A study from researchers at James Cook University (JCU) in Australia is shedding new light on diagnostics for fish allergies. The team led by PhD candidate Thimo Ruethers from JCU's Australian Institute for Tropical Health and Medicine (AITHM) found that materials in fish allergy tests could be unreliable.
Researchers evaluated 26 commercially available fish preparations used for skin prick testing, the most common way of diagnosing fish allergy in Australia.
"We found the amount of allergens present varied greatly, and in some preparations major fish allergens could not be detected. This means many skin prick tests that show a person being tested is not allergic to fish may be wrong," Ruethers said in a release.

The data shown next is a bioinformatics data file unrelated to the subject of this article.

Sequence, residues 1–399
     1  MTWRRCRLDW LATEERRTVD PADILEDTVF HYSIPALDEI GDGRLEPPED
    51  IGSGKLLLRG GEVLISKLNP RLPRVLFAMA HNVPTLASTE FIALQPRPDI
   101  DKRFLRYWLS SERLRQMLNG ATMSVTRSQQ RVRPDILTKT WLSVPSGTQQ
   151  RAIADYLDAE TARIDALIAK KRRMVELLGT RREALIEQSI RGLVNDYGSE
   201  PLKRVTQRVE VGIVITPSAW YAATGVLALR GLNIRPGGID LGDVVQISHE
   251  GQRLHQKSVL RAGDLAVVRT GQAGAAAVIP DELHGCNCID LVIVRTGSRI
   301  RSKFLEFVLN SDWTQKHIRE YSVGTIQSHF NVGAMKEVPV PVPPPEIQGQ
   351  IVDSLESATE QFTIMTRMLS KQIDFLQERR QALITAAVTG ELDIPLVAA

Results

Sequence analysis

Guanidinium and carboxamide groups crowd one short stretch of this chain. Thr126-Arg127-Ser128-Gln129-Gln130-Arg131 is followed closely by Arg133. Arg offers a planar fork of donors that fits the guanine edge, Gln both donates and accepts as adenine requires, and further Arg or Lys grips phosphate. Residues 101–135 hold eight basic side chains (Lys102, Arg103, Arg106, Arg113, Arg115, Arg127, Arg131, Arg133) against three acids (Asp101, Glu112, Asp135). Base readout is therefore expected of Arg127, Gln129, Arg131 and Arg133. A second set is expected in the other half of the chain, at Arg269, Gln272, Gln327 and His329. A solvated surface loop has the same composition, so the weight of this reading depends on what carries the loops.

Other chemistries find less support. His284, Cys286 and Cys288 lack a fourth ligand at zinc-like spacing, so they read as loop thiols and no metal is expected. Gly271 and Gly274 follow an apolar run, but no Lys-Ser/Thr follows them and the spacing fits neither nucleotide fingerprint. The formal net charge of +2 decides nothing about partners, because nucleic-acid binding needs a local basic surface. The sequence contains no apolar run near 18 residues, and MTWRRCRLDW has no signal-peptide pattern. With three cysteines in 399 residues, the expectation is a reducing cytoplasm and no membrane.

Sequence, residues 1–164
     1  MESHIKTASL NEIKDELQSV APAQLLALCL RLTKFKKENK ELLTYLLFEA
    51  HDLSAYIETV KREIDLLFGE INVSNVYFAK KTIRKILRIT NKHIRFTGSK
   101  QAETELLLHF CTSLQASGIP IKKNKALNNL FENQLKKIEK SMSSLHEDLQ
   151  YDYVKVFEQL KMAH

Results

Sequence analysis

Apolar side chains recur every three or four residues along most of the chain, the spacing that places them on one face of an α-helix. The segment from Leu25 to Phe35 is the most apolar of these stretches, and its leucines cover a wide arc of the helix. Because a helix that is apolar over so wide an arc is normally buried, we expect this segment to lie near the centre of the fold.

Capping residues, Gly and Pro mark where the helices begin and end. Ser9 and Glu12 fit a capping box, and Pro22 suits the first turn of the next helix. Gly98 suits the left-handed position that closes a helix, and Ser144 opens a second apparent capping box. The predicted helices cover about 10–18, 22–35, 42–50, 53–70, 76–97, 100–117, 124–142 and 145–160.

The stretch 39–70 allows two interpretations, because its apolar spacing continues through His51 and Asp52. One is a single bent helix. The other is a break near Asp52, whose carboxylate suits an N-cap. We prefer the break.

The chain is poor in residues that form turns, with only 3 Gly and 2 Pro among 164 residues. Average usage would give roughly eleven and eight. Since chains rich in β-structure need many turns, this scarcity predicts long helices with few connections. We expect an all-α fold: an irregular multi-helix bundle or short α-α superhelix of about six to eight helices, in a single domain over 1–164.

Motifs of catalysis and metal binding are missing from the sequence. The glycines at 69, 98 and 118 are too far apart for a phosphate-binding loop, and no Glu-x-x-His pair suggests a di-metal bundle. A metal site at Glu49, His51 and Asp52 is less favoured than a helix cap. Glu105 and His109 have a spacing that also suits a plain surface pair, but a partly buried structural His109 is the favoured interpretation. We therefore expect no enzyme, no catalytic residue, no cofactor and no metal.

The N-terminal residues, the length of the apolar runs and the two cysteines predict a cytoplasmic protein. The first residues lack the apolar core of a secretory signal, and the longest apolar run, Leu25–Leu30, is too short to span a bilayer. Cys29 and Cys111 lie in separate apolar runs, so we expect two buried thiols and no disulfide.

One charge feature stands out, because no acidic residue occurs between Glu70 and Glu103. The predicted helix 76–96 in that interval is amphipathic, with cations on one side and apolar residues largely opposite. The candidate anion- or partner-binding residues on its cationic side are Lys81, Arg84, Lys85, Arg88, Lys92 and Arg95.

Ruethers said results from skin prick testing need to be questioned as the current preparations appear unreliable in diagnosing fish allergy.
The research team at JCU currently evaluates over 100 Australian fish species for their allergens. A recent discovery was the 'ray of hope' for fish allergy sufferers. This found that fish with a cartilaginous skeleton, including ray, are for some patients less allergenic than their fishy counterparts with bony skeletons.
Further investigations are underway, and it's hoped they will lead to improved diagnostics of fish allergy and safe fish menus for fish allergy sufferers.